The diverse roles of mononuclear phagocytes in prion disease pathogenesis

Gwennaelle J Wathne, Neil A Mabbott

Research output: Contribution to journalArticlepeer-review


Transmissible spongiform encephalopathies (TSEs), or prion diseases, are neurological diseases that can be transmitted through a number of different routes. A wide range of mammalian species are affected by the disease. After peripheral exposure, some TSE agents accumulate in lymphoid tissues at an early stage of disease prior to spreading to the nerves and the brain. Much research has focused on identifying the cells and molecules involved in the transmission of TSE agents from the site of exposure to the brain and several crucial cell types have been associated with this process. The identification of the key cells that influence the different stages of disease transmission might identify targets for therapeutic intervention. This review highlights the involvement of mononuclear phagocytes in TSE disease. Current data suggest these cells may exhibit a diverse range of roles in TSE disease from the transport or destruction of TSE agents in lymphoid tissues, to mediators or protectors of neuropathology in the brain.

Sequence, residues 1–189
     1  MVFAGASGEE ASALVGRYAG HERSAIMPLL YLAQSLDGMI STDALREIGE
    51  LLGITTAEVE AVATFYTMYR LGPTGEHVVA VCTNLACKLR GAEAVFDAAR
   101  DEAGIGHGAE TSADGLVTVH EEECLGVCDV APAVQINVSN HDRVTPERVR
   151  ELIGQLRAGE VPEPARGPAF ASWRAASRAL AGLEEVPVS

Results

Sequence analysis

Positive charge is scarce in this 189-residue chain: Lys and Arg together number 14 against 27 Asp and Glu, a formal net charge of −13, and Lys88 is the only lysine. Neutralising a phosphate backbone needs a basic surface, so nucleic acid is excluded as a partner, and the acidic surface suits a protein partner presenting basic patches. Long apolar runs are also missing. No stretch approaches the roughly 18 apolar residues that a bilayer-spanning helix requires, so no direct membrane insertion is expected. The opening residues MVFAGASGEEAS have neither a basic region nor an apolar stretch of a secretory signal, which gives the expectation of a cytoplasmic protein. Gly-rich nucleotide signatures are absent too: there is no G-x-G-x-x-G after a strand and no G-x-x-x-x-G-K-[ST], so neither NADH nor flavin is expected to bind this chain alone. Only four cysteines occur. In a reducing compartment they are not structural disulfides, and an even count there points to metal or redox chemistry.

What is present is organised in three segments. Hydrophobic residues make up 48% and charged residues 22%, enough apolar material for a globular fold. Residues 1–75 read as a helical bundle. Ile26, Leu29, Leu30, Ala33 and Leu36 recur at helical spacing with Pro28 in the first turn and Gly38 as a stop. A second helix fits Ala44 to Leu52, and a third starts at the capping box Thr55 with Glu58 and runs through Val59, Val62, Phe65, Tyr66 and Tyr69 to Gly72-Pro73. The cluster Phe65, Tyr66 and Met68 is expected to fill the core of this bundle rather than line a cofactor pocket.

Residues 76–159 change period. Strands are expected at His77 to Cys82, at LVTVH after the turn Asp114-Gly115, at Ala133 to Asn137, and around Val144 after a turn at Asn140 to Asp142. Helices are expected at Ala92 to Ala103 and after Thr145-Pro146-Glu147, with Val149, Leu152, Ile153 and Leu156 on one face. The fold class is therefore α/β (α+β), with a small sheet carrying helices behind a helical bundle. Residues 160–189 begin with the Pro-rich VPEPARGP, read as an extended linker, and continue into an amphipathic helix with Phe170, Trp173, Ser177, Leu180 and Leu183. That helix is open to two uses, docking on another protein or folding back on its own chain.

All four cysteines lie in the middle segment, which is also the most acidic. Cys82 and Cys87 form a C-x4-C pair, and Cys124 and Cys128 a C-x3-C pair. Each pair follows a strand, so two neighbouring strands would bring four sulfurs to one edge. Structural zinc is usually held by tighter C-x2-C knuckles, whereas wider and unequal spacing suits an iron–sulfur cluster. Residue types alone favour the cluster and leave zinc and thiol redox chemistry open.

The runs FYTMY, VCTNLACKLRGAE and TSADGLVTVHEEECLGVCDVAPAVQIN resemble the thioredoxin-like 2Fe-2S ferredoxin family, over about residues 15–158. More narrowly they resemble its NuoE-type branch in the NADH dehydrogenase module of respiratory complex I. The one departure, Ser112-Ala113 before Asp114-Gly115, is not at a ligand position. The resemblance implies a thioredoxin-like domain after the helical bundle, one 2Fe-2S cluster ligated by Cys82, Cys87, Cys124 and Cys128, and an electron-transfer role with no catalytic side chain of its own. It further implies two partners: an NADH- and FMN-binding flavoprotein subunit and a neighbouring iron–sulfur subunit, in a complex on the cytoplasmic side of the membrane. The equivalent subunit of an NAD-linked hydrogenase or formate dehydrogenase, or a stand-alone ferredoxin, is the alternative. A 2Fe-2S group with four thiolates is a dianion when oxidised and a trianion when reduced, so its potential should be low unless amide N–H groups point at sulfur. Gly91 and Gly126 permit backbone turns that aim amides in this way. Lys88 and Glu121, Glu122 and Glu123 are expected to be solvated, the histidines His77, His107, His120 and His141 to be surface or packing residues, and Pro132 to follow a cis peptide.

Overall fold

Original languageEnglish
Pages (from-to)124-133
Issue number2
Publication statusPublished - 2012
EventPrion 2011 - Montreal, Canada
Duration: 16 May 201119 May 2011


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